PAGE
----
April 04, 2017

Three Teas from Tea Dealers

I like that I am always surprised by the malleability of Camellia sinensis. From this one species (and its two varieties and of course, its many cultivars), you get a world of teas. Technically White Lotus Leaf (sourced from Korea) is not a tea but I enjoyed drinking it just the same, especially at night. Can you drink caffeine at night? I no longer can. Many years ago, I could drink coffee close to midnight and sleep well. Ah, changes. The two other other teas from Tea Dealers are their Charcoal Roasted Tie Guan Yin and Thurbo Second Flush Darjeeling 2016.

I almost exclusively drank the white lotus leaf tisane at night. I used 1 tablespoon steeped in 8 ounces of 195F water for 30 seconds. The directions specified 1T/5g but 5 grams would be a lot more than 1T of leaf. The liquor has thick mouthfeel on the first infusion. The pale liquor tastes very sweet and the steam smells sweet as well. I am reminded of hot malted barley and corn on the cob. This tea is warming and calming.

Switching countries but not continents: the roasted tie guan yin from Maokong in Taiwan. In the case of this tea, 1 tablespoon equals 5 grams. I used the recommended 8 ounces of 195F water with an initial 30 second infusion and additional steeps of 10 seconds. I'll say here that with 8 ounces I did not get much a substantial tasting liquor until the third infusion. The fourth infusion was golden colored with a sweet taste of syrup on pancakes and caramel. The fragrance of the infused leaves was chicory and dark roasted coffee beans. As the liquor cooled, the roast became more pronounced but it remained sweet not savory or bitter.

Moving south to Darjeeling: Second Flush from the Thurbo Estate. This tea is graded FTGFOP1 or Finest Tippy Golden Flowery Orange Pekoe 1 meaning that this tea not only has a lot of buds but it is of fine quality and the taster designated its specialness with the number "1". The dried leaves smell of the fuzz on warmed grape skins. The leaves ranged in color from dark brown to khaki green with silver grey and light golden tips. I infused 5 grams in 8 ounces of 195F water. I assumed a neat preparation which called for a 30 second infusion and no milk would be too light for my palate so I steeped the leaves for 60 seconds. The first infusion was sweet. The amber liquor tasted like guavas and grapes. I was happy with the extended steep time for this neat preparation. This infusion was well balanced especially as it cooled. The second cup, also 60 seconds, was sweeter with woody notes, and noticeable but pleasant astringency. I guess you could call it briskness and at this point you might consider adding milk, but I did not. The liquor was creamy on my lips and the sweet fruity guava and muscatel flavors were still present, if not heightened. The third steep of 70 seconds was a whisper of the previous infusions.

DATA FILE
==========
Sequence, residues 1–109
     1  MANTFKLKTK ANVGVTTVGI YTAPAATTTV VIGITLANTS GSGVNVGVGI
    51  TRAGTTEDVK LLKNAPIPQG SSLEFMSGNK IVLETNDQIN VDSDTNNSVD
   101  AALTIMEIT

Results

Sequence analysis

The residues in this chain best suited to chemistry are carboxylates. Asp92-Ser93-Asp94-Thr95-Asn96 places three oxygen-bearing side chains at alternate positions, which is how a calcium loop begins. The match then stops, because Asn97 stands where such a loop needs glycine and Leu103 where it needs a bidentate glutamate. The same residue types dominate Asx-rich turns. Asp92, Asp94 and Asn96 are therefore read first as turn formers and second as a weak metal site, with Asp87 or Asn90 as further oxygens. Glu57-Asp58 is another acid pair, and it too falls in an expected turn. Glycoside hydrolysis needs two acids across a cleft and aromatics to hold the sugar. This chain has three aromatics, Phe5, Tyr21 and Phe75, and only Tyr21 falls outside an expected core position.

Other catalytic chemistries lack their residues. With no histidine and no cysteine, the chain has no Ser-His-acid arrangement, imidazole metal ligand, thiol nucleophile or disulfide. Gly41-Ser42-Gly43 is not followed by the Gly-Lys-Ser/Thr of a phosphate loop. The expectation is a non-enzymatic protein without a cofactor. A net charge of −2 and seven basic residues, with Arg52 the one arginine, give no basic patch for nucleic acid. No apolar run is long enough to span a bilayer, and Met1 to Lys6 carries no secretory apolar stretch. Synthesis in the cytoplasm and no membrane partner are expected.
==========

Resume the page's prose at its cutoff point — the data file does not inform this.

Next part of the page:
I don't have a clear favorite among these teas (and tisane). The range speaks to the versatility of Camellia sinensis, and in the case of the white lotus of plants, in general. Drink the white lotus leaf at the time of day you are most sensitive to caffeine or if you need something to satisfy a sweet tooth. Drink the Darjeeling neat in the morning. Tea Dealers charcoal roasted TGY is not the first one of its kind that I've drunk. I find this style of tea challenging to prepare. I know how to steep tieguanyin but the additional layer of the charcoal roast complicates the matter. You want to find parameters that  allow you to enjoy the qualities the roasting brings but not have it overwhelm the oolong's traditional flavor profile. So far, Ive found that infusing 1 tablespoon in 4 ounces of 195F for 3 minutes and increasing infusion times by 30 seconds delivers delicious results.

All teas reviewed in this post were courtesy of Tea Dealers in Brooklyn, NY.

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